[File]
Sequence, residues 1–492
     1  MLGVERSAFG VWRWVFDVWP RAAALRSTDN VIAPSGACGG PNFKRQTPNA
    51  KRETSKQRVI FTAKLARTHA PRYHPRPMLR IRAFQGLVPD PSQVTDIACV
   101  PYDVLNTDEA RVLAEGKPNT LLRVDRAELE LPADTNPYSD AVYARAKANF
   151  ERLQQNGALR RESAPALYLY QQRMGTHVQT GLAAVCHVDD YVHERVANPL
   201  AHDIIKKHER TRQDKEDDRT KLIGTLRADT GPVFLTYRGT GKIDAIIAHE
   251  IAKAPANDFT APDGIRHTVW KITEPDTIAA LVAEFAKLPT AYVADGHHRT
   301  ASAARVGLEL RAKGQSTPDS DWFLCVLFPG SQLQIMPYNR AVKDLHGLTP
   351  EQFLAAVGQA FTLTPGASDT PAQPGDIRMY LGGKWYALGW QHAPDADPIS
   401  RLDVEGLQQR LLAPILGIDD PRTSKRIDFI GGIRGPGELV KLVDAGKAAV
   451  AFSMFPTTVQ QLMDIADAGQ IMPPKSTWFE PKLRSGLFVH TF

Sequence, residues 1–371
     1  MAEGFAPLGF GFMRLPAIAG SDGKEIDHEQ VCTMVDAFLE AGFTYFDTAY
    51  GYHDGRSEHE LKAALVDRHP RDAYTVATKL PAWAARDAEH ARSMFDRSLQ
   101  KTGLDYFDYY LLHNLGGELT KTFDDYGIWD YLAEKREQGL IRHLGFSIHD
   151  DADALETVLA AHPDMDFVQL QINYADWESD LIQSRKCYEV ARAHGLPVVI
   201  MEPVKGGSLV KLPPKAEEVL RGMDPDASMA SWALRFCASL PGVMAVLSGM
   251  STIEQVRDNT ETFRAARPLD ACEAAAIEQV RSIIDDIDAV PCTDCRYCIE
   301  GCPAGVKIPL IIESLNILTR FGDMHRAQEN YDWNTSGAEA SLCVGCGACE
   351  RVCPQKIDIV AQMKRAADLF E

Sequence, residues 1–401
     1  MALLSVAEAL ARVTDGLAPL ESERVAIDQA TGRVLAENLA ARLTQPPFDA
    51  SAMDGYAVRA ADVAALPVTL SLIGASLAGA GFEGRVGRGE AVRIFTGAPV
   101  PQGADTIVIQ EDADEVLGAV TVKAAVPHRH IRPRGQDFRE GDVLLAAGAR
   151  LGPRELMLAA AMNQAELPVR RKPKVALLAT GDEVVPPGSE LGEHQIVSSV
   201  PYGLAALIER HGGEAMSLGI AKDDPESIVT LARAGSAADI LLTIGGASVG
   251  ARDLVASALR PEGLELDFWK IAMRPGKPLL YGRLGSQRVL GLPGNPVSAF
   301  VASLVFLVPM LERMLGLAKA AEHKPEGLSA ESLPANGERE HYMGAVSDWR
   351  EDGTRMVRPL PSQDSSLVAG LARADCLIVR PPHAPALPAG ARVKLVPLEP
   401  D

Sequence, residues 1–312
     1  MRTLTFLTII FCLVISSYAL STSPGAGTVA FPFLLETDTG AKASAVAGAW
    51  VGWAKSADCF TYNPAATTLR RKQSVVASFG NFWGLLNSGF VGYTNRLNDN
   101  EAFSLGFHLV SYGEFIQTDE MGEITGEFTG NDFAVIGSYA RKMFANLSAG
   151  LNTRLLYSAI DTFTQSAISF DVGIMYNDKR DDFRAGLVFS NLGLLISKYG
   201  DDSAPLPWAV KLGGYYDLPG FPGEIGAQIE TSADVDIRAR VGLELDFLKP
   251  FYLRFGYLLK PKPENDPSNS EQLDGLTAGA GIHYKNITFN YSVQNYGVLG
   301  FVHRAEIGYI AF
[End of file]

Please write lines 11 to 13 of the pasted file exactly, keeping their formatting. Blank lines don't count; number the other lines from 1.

   451  AFSMFPTTVQ QLMDIADAGQ IMPPKSTWFE PKLRSGLFVH TF

Sequence, residues 1–371
     1  MAEGFAPLGF GFMRLPAIAG SDGKEIDHEQ VCTMVDAFLE AGFTYFDTAY